I learned that his mother was one of his earliest influences, watching her pattern and piece fabrics together to make patchwork clothes for her family.
The family lived so frugally that his mother, Dora, made him shirts out of scraps of fabric. Once she made herself a skirt out of the back of the suit that her younger brother was buried in. She didn’t want the material to go to waste. From the NY Times article, published earlier today.
Not just one of my influences, I'd like to show some work by skirt maker/artist Alison Willoughby, whose work is also influenced by Rauschenburg and other artists.
Robert Rauschenberg, Monogram, 1955-59, combine painting: oil, paper, fabric, printed paper, printed reproductions, metal, wood, rubber, shoe heel, and tennis ball on canvas, with oil on Angora goat and rubber tire, on wood platform mounted on four casters. 42 x 63½ x 64 ½ in. (106.7 x 160.7 x 164 cm). Moderna Museet, Stockholm.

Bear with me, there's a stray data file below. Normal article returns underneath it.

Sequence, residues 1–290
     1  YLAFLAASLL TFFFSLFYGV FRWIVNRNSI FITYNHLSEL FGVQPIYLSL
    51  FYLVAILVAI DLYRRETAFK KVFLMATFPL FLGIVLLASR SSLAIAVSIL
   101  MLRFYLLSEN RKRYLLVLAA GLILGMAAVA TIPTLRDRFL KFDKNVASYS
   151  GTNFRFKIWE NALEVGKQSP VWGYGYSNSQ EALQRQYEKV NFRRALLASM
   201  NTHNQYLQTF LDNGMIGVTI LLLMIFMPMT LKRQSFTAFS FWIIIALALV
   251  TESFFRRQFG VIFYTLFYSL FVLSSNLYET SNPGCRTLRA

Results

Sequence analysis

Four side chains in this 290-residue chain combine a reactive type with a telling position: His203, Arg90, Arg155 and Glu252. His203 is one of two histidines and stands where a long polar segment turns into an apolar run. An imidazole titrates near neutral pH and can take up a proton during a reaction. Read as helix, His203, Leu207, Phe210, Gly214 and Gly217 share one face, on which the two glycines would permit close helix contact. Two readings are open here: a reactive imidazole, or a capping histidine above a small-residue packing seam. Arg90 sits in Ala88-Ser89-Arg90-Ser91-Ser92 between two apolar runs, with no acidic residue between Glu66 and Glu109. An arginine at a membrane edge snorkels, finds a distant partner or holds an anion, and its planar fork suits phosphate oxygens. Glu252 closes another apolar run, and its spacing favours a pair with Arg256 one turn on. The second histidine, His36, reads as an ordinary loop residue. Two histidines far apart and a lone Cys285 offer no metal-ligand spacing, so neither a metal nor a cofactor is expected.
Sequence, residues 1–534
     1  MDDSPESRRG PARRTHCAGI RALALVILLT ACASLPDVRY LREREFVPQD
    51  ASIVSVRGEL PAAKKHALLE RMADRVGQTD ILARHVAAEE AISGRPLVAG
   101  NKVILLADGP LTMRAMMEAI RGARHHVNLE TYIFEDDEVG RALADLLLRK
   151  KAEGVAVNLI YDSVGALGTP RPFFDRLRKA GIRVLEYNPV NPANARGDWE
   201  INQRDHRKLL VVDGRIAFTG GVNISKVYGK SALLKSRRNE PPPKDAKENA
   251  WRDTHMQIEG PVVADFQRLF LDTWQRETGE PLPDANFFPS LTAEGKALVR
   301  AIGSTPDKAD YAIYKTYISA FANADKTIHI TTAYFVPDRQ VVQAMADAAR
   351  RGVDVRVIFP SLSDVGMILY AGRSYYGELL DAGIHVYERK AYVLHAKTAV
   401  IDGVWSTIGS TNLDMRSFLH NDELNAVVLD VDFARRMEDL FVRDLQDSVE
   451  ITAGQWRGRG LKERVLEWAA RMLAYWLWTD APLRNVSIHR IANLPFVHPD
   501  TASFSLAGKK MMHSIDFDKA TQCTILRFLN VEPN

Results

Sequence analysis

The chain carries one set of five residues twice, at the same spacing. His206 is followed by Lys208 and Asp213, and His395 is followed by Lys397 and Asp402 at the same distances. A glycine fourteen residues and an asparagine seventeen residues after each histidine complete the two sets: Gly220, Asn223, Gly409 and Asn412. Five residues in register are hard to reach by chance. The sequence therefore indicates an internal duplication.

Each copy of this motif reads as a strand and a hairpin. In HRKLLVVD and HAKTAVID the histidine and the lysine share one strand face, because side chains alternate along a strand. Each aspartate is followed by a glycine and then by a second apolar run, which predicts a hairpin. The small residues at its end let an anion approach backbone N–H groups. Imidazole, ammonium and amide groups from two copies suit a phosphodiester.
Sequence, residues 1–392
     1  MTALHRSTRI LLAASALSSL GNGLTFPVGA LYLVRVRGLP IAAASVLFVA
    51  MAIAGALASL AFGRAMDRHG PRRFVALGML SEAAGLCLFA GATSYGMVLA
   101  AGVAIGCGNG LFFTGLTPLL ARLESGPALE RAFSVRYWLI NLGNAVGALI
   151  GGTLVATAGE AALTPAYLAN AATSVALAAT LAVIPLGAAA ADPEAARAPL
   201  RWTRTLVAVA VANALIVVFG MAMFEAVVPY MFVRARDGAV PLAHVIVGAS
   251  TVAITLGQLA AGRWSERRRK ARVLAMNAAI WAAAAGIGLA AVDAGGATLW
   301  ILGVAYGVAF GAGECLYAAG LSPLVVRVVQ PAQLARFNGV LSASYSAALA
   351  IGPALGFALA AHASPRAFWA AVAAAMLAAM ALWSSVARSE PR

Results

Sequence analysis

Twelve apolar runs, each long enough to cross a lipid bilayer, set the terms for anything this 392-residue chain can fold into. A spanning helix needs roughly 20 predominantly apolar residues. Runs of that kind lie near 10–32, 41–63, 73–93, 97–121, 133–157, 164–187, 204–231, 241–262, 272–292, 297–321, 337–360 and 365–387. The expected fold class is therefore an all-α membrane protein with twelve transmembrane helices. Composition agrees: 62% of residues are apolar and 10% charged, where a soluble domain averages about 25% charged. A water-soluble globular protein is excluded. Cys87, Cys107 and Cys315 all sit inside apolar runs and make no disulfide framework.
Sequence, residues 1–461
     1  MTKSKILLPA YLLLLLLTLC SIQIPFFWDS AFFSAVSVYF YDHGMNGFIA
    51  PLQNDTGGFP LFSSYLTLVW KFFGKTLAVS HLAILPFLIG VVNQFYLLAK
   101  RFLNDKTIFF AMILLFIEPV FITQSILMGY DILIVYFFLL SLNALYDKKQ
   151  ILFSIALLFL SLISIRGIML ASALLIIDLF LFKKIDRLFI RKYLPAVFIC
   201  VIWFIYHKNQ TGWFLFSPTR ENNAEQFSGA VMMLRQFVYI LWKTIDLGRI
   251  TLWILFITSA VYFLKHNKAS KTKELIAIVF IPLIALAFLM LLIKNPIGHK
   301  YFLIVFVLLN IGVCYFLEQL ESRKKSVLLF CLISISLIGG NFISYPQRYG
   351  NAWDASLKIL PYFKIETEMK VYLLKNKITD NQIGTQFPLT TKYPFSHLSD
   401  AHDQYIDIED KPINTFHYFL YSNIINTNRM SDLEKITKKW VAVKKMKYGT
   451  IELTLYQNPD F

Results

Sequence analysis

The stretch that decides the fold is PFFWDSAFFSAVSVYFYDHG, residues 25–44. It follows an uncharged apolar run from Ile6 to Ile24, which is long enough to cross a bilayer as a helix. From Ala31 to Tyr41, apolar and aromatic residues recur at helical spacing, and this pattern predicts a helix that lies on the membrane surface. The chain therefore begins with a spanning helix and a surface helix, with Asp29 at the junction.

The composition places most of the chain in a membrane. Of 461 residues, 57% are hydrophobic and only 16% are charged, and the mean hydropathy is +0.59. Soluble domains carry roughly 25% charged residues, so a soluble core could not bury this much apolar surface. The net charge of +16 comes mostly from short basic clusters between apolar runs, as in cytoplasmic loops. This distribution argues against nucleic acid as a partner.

I remember walking out of my art history class the first time I viewed this slide, utterly confused and bewildered, yet it resonated with me.
I'm not sure if this skirt is a homage to Monogram, but I feel like it should be. I'd wear it in a heartbeat.